The thing about pole lathe bowl turning that really interested me when I got started was that the bowl turner must first make their own machine and tools before making a bowl. Before making my lathe I forged some tools, reasoning that having the tools would be the incentive to hurry up and build a lathe.
I had done some forge-work many moons ago while studying violin making, so much of the process was familiar. Drawing out a length of steel is fairly simple. The only aspects which need a little thought are the stages of hardening and tempering. This isn’t rocket science either, just a case of bringing the steel to certain temperatures and quenching it to fix it a various states of hardness. When steel is very hard it is brittle and can snap easily, when too soft a cutting edge won’t stay sharp for long. The idea is to reach a happy balance between these too extremes.
My approach has always been to use what I have to hand. My set-up for my first few batches of tools was very basic but worked really well. I have recently started using a gas forge which is quick and easy to move/set up, but I made dozens of tools with bricks and charcoal. Here I am a couple of years ago in a garden using a mix of charcoal and coke with a simple arrangements of bricks on the ground. For my first tools I used old coil springs but found that it was a pain to unwind them, so started buying nice straight bars of 01 tools steel from a supplier in Sheffield. Works out about £5 per tool.
The hoover was the bellows; it had a leaf blowing function which was very useful. I rigged it up to some copper pipe which went under the soil and curved up in a corner of the brick arrangement. I’ve also used hairdryers and they work fine too. I started the fire with charcoal and later added coke, (sunbright singles) to keep it burning for longer. Charcoal alone is ok but doesn’t last long. Copper pipe is fine as it’s below the fierce heat and is easily replaced eventually.
It always amazes me how fast 16mm 01 tool steel heats up to a nice workable orange glow. It’s not worth hitting metal that hasn’t reached this colour.
I must confess to having always had a fascination with fire…there’s something about forging metal too…if I’m not careful to remember that I’m doing this so that I can make wooden bowls I may well get distracted and end up abandoning green wood altogether…. become a blacksmith….especially tempting as winter approaches. I like the way all the elements are brought together…fire, water, air, earth, to create things which allow us to create other things. Something magical about that, even though it is a very down to earth, practical type of magic.
Below are some tools that have been drawn out, had bevels ground on with angle grinders or belt sanders, then had the tips hammered over and been hardened. The second picture shows two tools fresh from the grinder, ready to be re-heated and curled.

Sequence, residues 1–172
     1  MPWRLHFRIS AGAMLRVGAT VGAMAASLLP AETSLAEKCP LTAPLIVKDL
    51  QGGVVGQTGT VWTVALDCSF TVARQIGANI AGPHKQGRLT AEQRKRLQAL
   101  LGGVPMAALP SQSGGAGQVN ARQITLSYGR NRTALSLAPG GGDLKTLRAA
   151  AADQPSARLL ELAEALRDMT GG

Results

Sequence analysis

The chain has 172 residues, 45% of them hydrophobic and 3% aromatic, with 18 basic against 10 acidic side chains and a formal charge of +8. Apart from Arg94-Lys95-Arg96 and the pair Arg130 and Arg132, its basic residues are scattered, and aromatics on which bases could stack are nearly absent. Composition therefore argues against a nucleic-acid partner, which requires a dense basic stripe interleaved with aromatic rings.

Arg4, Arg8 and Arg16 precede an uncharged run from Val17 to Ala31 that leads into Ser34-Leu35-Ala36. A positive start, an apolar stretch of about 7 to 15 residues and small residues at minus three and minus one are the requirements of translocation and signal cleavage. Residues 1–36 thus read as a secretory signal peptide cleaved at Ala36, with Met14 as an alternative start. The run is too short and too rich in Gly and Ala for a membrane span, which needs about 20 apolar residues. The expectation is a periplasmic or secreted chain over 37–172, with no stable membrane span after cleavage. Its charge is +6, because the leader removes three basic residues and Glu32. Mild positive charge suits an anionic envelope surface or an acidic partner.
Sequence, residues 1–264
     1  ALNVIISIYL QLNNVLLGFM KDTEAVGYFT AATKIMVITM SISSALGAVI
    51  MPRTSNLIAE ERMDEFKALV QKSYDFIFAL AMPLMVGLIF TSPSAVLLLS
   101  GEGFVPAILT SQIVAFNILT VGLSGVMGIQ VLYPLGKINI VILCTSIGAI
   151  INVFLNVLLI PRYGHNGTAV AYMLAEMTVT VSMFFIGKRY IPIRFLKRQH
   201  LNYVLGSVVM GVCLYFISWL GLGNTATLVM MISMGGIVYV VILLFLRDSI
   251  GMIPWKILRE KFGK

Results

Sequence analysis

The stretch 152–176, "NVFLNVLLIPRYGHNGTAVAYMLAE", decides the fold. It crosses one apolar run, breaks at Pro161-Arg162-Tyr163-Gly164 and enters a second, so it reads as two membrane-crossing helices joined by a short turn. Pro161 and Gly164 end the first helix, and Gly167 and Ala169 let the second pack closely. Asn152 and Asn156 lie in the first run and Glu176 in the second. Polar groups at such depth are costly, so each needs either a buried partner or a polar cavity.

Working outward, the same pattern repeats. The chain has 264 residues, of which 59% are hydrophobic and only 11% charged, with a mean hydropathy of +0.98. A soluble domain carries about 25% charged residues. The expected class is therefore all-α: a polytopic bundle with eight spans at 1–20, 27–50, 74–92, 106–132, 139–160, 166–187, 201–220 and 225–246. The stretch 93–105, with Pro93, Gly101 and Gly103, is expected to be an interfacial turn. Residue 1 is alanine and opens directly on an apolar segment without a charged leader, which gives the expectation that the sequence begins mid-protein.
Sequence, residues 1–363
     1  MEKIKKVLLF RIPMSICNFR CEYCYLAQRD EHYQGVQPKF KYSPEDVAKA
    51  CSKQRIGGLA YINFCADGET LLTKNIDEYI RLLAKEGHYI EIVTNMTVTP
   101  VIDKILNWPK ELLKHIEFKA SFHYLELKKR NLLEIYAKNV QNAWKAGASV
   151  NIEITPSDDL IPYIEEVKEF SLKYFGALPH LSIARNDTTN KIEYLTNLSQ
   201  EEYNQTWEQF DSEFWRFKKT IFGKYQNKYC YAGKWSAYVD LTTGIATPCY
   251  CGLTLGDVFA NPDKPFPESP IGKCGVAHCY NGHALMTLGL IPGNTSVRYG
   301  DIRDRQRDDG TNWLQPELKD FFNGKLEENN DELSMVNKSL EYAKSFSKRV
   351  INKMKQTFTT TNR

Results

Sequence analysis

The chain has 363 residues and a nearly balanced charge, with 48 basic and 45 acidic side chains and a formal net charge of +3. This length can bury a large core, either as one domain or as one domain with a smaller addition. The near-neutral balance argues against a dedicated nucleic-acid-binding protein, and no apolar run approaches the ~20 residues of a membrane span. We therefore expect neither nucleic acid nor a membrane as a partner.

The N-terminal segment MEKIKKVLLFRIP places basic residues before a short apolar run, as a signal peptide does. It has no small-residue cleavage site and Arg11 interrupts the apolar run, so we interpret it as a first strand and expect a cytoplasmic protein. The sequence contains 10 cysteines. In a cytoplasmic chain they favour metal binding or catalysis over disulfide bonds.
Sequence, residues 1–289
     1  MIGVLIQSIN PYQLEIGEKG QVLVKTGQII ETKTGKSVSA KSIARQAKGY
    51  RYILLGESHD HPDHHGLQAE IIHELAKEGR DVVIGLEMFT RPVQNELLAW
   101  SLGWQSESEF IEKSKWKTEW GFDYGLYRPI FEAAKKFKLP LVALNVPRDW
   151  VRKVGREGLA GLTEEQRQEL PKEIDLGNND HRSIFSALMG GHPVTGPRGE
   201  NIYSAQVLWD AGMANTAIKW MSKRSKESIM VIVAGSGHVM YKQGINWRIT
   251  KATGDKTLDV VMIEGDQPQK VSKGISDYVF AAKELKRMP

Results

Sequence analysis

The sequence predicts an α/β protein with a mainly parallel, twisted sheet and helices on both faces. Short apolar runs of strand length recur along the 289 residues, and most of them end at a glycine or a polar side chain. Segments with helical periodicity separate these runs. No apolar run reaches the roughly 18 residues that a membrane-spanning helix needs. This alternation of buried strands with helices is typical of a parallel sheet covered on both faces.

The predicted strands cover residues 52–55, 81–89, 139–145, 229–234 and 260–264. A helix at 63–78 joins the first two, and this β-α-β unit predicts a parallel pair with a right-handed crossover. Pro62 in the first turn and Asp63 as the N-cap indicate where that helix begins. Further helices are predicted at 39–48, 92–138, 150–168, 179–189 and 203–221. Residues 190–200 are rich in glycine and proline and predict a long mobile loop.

Below are some of my finished hooks, hardened and tempered and with handles. As my skill level on the lathe has increased I’ve been able to use much finer hooks without such a risk of breakage from dig-ins. These are useful for turning smaller items like quaichs.
I started making shorter handles too which suit me better than long handles.
I was asked to run a one day hook tool forging workshop for the Chiltern Association of Pole Lathe Turners. The day went really well and everyone made some nice tools. We had two at a time using the forge, taking it in turns to use the anvil. Below Morris and Jamie are watching their steel heat up in the gas forge.
Jamie drawing out the round bar in to a nice rectangular shape, ready to hammer bevels on before taking it to the grinder.
Steve and Larry grinding bevels on with angle grinders and below then Roger doing the same.
Once the tips have been curled over, the hooks are polished up with wet and dry paper so that the tempering colours can be seen moving along the steel.
Here Jamie is curling the tip of a tool. This can be done with needle-nose pliers or by curling it around a large nail but I prefer to use a hammer.
The last stage before fitting handles; tempering…
There are various ways to do this. Traditionally smiths would quench quickly then take the still hot steel out of the quench and watch the colours run, then quench again. I find this a bit hit and miss. It’s possible to temper in an oven, but I always use a gas hob and watch the colours run towards the cutting edge. When the blade is a light bronze/straw colour I quench.
The finished tools.
A lovely group of people at the end of a productive day. But why am I the only one wearing an apron?
Thanks to Richard Charles for hosting the event and for such a great lunch.
I am now running workshops on forging hook tools and bowl turning from Steward Wood in Devon, either as individual days or together. A typical two day course would include forging tools on day one then turning a bowl on the pole lathe on day two. This is a great way to equip yourself with the tools and basic techniques to get you started. With the gas forge I can also offer to run these workshops at other locations. For more info or to book a course get in touch via my website.